Friday, July 8, 2011

B2C And "The Shopping Experience"

"(T)here are known knowns; there are things we know we know.  We also know there are known unknowns; that is to say we know there are some things we do not know.  But there are also unknown unknowns – the ones we don't know we don't know. ”
—Former US Secretary of Defense Donald Rumsfeld

As quirky as that quote is I cannot help but relate to it from time to time;  whenever I begin to layout my expectations for our new shopping cart software I cannot help but get tangled up in the 'knowns' and the 'unknowns.'

Most ecommerce sites look at the shopping cart as something to get a consumer through as quickly as possible; its like the self service, 15 items or less lane, at the super market.  All the effort is put toward the website, like merchandising a store window, all the effort is put to enticing you to purchase, but once you have decided to purchase you are "dropped off " or transferred to a cold and uninviting shopping cart.  We have done everything we can do to assure you of our superior customer service, we have added 24/7 customer service via chat, and we have all sorts of links, and "Frequently Asked Questions" sections, but the moment you click "add to cart" we disappear during the check out process, and do not re emerge until the sale is complete.

If you think about it, the innovation of communities, social media, and branding, to name a few, have existed from time immemorial in the timeline of the development of social man; thus, all the only innovation that the internet represents is just the re-creation of a past, "known known."

Now, we see ecommerce talking about "the shopping experience."

For most of us who are over 40 we can remember what a true shopping experience was;  it involved a small specialty store where a sales person would not just wait on you, but would also flatter and suggest.  You knew, upon leaving a store, that you had had a great shopping experience if you actually ended up walking out of the store with a lot more than you went into the store to buy initially.  You may have cursed yourself for overspending but the reality was that you enjoyed every minute of it.

I cheer on the internet because it is in fact breathing life back into the concept of a specialty store; the opportunity to find exactly what we want, or the options to find things you never knew you needed, without being limited by how far you are willing to drive is just awesome.  But, to call it a "shopping experience" is really a long way from the truth.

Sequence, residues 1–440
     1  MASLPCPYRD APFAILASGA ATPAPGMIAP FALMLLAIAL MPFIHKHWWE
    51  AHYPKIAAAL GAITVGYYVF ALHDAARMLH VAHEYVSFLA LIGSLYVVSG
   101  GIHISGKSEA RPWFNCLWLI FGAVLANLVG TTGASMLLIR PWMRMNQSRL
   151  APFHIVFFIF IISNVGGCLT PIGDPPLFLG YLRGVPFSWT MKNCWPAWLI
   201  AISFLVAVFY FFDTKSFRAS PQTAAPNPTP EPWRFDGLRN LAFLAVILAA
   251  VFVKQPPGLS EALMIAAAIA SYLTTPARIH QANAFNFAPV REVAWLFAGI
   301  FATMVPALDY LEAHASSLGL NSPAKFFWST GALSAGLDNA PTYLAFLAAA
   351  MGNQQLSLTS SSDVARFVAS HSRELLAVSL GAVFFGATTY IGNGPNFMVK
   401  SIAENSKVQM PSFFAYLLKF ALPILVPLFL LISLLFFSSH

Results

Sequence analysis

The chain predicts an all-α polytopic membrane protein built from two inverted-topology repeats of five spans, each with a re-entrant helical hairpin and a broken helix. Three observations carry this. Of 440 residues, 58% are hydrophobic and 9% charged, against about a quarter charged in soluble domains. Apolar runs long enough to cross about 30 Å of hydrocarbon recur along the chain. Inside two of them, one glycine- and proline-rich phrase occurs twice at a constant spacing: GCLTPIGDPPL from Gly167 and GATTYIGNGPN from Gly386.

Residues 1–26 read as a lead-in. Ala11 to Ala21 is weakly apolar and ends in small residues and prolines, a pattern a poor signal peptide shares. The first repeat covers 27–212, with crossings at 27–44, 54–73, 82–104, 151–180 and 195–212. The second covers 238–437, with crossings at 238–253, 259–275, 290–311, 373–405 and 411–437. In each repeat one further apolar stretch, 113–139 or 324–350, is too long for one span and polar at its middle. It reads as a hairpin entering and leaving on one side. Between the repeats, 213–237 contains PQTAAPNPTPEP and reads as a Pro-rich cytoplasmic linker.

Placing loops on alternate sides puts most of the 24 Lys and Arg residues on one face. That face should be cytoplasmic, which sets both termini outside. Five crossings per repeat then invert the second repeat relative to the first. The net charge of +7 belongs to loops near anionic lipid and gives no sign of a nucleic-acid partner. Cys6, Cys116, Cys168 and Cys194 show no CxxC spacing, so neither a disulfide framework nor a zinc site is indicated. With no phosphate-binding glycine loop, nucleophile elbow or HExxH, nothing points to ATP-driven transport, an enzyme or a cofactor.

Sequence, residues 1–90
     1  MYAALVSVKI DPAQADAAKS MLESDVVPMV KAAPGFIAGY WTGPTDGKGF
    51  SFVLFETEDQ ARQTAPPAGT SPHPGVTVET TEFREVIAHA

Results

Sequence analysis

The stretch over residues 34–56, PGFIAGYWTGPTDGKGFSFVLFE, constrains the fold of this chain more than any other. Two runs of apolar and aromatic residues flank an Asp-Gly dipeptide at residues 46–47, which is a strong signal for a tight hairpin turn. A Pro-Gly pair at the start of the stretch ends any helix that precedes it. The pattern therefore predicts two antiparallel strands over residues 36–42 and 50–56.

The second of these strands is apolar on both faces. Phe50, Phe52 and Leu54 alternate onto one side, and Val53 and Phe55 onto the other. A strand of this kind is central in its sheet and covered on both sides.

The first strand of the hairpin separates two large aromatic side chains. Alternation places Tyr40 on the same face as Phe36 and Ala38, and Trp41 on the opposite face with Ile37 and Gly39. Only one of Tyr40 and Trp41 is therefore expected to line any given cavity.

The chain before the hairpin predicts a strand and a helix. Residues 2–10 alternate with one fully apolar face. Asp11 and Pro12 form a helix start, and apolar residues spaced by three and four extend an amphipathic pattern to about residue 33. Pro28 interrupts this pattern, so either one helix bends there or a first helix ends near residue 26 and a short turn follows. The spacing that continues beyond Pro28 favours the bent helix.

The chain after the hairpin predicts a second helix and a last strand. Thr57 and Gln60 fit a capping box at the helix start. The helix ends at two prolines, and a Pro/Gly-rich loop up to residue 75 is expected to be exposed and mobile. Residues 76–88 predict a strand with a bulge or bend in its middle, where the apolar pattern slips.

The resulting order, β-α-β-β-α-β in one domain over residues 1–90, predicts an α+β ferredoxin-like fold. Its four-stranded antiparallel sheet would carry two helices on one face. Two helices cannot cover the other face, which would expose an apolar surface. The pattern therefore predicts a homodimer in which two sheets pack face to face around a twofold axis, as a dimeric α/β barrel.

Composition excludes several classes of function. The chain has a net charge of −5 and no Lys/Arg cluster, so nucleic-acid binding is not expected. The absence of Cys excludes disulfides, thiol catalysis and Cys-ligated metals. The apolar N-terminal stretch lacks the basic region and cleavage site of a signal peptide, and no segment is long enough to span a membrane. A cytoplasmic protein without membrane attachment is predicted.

The "ideal" ecommerce shopping experience involves a loyalty program that actually begins the shopping cart experience by knowing the consumer by name; a very good sales clerk in a specialty store would have known your name by the time you reached the cash register.  As part of the concept of a loyalty program an empowered ecommerce program should know whether you purchased before and what you purchased before.  It should be able to "compliment" a consumer for their purchases and at some point "suggest" something to compliment the items purchased.  I know from experience that if a consumer calls in an order it is very easy to recommend a new color of a garment or another garment and before you know it you have increased the value of their order by 20%;  now a Swedish company is coming up with new technology in this area but realistically we are talking about taking a database and creating a command matrix that would trigger events during the check out process.

We have the technology to create little talking characters that pop up on a website and entice you to visit the website via a prerecorded voice message (excuse me if I don't use the "techy" terms) but why can't we have a little prerecorded sales clerk that would assist with the shopping cart check out process?  If a consumer wants to breeze through the process then they could click an end to the "floating" video clerk and zip through the process.  But the reality is, for a greater number of consumers, I think that creating a true shopping experience from within the shopping cart program would be enjoyable and dramatically increase sales for the website.

Little pictures or blocks of item, with such text as, "People who purchases this also looked at this..." just doesn't cut it!  But the ability to suggest that something they didn't buy would really work with something they did buy would take ecommerce to the level of a "shopping experience."

We are watching as venture capitalists pour millions of dollars into online retailers such as Trunk Club  who's whole premise is based upon,
"We start with an assortment of the best brands in men’s fashion, and then personally hand select a “trunk” of clothes for you based on your preferences."
Oh, and also the club like concepts Jewelmint and Beachmint, both of which are based upon the premise of individualized style preselected for you.

Nothing different than back in the good ol' days when we experienced sales clerks that knew how to read a customer!  No reason that cannot be built into a shopping cart to recreate a true shopping experience!  I guess this is an example of a "Known Unknown!"


Carl said...

Links to information on great ecommerce design....

annaharris said...

Ecommerce Shopping Cart is more beneficial for customers because it provide comparative price in market and customers buy product any time by paying online with 24/7 customer support form online retailers.